I'm wondering if someone can give me a physically motivated reason for why chiral molecules interact with left and right circularly polarized light (LCP) (RCP) differently. Particularly, a quantum mechanical view of what's happening here.
I understand why it is that a molecule has to be chiral in order for it to manifest circular dichroism (my use of terminology may not be perfect here so I apologize). That is, both the electric and magnetic dipole operators must be non-zero and there's an argument here on the basis of point groups.
Nothing about that, however, is particularly illuminating when it comes to understanding why I should expect a molecule to interact differently with LCP and RCP light.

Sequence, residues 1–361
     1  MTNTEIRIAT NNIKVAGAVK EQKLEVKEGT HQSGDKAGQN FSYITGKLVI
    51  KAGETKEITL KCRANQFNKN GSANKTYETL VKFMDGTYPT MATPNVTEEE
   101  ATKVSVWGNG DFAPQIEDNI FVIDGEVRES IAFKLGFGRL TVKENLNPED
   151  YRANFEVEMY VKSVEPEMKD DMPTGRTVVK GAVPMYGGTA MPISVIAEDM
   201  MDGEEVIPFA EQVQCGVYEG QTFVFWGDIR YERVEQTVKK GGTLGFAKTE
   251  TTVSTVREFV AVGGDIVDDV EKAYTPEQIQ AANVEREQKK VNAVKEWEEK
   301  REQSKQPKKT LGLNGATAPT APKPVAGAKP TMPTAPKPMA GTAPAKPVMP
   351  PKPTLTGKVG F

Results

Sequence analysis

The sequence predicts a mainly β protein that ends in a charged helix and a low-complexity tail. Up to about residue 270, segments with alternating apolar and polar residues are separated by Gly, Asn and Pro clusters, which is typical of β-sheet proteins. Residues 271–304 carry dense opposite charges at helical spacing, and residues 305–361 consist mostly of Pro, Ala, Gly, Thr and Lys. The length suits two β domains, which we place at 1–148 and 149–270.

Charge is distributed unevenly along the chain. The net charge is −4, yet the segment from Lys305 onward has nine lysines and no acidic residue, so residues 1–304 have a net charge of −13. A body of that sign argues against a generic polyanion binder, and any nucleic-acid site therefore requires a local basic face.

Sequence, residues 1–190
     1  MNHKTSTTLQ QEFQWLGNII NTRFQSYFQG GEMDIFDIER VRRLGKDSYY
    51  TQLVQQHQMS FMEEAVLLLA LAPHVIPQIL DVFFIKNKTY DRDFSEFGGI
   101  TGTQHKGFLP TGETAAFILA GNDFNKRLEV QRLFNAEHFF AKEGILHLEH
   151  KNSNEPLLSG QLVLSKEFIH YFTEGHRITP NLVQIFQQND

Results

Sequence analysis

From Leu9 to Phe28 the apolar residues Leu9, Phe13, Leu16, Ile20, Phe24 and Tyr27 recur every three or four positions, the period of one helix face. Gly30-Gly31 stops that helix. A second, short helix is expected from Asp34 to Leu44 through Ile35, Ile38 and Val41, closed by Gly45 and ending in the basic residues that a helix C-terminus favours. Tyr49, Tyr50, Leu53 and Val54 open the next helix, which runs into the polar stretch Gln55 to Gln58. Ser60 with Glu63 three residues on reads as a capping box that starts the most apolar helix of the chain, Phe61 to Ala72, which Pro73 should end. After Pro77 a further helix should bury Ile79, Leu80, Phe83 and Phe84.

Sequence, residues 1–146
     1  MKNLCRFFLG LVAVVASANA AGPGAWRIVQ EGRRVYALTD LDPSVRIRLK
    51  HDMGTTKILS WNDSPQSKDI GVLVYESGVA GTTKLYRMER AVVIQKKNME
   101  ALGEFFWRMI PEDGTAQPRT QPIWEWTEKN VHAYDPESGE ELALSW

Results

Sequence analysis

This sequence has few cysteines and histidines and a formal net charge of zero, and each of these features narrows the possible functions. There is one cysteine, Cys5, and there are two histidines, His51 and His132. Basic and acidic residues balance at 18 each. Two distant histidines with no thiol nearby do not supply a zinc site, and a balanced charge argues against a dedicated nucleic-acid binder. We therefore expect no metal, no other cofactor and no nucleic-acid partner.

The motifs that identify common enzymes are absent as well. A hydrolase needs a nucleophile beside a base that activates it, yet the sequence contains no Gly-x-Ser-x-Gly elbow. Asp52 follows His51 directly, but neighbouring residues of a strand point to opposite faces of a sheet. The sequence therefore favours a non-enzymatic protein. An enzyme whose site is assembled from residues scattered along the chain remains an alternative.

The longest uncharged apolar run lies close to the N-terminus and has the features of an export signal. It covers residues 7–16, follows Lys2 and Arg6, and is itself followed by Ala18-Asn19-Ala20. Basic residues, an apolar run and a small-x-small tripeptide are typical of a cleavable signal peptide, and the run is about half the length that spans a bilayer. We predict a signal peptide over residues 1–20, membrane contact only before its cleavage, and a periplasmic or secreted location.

I don't know what else I can even say. A good answer would address the different behavior of both the light and the molecule in these different situations, as I imagine that's a necessary piece to the puzzle.
Also, if one has some references (a review or textbook chapter etc.) that would be appreciated.